FictionForest

Chapter 20 – Queen Gloria

L. Frank BaumOct 04, 2016'Command+D' Bookmark this page

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Next morning the Scarecrow called upon all the
courtiers and the people to assemble in the throne room
of the castle, where there was room enough for all that
were able to attend. They found the straw man seated upon
the velvet cushions of the throne, with the King’s
glittering crown still upon his stuffed head. On one side
of the throne, in a lower chair, sat Gloria, looking
radiantly beautiful and fresh as a new-blown rose. On the
other side sat Pon, the gardener’s boy, still dressed in
his old smock frock and looking sad and solemn; for Pon
could not make himself believe that so splendid a
Princess would condescend to love him when she had come
to her own and was seated upon a throne. Trot and Cap’n
Bill sat at the feet of the Scarecrow and were much
interested in the proceedings. Button-Bright had lost
himself before breakfast, but came into the throne room
before the ceremonies were over. Back of the throne stood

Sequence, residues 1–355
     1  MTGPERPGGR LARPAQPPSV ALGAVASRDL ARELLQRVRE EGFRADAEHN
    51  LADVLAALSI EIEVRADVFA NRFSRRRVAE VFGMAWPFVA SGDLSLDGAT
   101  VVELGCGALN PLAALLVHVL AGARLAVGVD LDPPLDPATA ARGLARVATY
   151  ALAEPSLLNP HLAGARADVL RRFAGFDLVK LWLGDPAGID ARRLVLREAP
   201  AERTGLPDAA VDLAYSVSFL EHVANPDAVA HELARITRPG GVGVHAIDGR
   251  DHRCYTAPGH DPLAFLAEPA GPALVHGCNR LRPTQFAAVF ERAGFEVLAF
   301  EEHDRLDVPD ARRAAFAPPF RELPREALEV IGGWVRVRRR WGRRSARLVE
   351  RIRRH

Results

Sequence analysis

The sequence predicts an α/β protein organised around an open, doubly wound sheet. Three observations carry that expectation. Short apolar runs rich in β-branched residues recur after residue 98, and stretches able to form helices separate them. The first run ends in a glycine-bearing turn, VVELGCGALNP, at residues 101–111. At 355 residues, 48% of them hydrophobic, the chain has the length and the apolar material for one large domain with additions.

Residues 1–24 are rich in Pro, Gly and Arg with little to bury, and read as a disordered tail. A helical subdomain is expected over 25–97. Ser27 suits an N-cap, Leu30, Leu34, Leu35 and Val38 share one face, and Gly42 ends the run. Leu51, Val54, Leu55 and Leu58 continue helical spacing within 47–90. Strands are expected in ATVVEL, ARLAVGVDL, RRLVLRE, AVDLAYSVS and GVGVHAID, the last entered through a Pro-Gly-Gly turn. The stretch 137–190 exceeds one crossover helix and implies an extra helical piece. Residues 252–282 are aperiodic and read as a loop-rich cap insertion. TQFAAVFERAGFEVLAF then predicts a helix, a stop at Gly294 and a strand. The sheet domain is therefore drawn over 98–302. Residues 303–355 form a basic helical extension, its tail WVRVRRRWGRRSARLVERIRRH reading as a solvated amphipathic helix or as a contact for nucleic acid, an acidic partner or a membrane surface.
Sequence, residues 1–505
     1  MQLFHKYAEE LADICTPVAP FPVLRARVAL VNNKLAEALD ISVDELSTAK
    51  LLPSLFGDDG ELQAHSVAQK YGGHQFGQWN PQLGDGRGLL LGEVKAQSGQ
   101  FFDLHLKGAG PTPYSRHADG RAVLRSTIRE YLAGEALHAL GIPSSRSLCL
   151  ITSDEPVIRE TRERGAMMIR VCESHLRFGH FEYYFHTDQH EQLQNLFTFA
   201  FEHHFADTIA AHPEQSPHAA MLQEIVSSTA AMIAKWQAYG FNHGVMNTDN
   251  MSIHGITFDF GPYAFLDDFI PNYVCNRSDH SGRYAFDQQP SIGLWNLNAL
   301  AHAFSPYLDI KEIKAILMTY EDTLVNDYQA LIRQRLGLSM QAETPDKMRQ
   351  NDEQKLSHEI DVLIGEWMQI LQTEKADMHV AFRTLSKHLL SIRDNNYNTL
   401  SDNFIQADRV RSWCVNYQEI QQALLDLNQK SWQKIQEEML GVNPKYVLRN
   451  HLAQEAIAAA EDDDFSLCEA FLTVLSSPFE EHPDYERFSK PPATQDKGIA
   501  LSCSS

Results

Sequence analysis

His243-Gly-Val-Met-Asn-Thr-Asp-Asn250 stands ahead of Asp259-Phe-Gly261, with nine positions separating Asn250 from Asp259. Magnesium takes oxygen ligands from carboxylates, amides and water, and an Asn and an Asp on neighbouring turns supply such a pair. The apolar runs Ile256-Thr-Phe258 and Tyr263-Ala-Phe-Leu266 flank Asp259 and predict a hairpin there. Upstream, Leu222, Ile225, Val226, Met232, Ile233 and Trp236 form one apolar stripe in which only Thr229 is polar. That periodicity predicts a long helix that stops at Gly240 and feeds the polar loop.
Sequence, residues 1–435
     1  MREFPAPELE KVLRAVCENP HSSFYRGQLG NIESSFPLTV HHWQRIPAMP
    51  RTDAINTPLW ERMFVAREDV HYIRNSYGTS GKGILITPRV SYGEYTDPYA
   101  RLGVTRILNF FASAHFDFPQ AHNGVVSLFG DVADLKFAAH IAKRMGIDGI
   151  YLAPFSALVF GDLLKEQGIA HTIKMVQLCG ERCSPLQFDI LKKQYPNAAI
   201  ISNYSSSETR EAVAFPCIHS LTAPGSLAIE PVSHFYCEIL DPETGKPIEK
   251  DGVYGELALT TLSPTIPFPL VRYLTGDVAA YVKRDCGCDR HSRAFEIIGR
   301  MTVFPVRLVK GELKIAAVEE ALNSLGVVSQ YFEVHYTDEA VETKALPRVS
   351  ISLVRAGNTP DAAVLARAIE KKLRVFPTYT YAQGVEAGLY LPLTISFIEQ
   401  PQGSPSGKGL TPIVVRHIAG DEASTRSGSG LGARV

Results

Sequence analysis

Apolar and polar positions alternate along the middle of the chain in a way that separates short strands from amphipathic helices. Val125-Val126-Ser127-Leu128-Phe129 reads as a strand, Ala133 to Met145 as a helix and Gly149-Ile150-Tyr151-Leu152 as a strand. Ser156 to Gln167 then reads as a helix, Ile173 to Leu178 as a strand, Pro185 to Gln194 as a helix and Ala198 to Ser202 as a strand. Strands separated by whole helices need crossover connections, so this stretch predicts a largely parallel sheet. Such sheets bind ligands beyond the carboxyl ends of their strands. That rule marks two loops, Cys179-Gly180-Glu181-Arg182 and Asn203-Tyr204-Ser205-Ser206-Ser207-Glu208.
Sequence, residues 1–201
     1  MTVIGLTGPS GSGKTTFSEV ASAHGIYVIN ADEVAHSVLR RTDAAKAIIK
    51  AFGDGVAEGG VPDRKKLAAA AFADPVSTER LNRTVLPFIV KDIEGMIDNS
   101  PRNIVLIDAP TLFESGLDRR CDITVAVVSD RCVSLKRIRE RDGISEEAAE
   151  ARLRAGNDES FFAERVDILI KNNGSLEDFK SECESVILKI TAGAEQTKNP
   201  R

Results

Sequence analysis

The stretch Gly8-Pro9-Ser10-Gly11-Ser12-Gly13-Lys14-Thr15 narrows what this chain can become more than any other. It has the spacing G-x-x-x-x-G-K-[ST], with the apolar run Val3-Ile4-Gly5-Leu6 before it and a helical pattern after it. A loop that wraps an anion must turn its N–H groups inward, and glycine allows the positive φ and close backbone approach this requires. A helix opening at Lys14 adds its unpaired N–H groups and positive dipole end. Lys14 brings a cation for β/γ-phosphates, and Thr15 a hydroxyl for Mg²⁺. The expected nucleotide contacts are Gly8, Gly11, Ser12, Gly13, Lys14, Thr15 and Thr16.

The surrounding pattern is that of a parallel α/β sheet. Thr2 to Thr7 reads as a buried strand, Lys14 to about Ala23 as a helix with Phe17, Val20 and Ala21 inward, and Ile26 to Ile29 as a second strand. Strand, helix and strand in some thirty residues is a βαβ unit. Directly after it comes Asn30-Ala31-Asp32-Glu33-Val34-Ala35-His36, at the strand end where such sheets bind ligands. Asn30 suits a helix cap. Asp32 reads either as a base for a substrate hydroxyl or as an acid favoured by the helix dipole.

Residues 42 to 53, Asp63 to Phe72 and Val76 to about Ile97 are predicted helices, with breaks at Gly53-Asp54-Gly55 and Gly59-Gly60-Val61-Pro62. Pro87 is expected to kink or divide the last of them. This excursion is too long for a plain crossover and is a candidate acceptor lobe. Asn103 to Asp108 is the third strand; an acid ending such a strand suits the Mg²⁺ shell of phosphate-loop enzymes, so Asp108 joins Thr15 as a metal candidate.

a row of the great Orks, with their leader in the center,
and the entrance to the palace was guarded by more Orks,
who were regarded with wonder and awe.

When all were assembled, the Scarecrow stood up and
made a speech. He told how Gloria’s father, the good King
Kynd, who had once ruled them and been loved by everyone,
had been destroyed by King Phearce, the father of Pon,
and how King Phearce had been destroyed by King Krewl.
This last King had been a bad ruler, as they knew very
well, and the Scarecrow declared that the only one in all
Jinxland who had the right to sit upon the throne was
Princess Gloria, the daughter of King Kynd.

“But,” he added, “it is not for me, a stranger, to say
who shall rule you. You must decide for yourselves, or
you will not be content. So choose now who shall be your
future ruler.”

And they all shouted: “The Scarecrow! The Scarecrow
shall rule us!”

Which proved that the stuffed man had made himself very
popular by his conquest of King Krewl, and the people
thought they would like him for their King. But the
Scarecrow shook his head so vigorously that it became
loose, and Trot had to pin it firmly to his body again.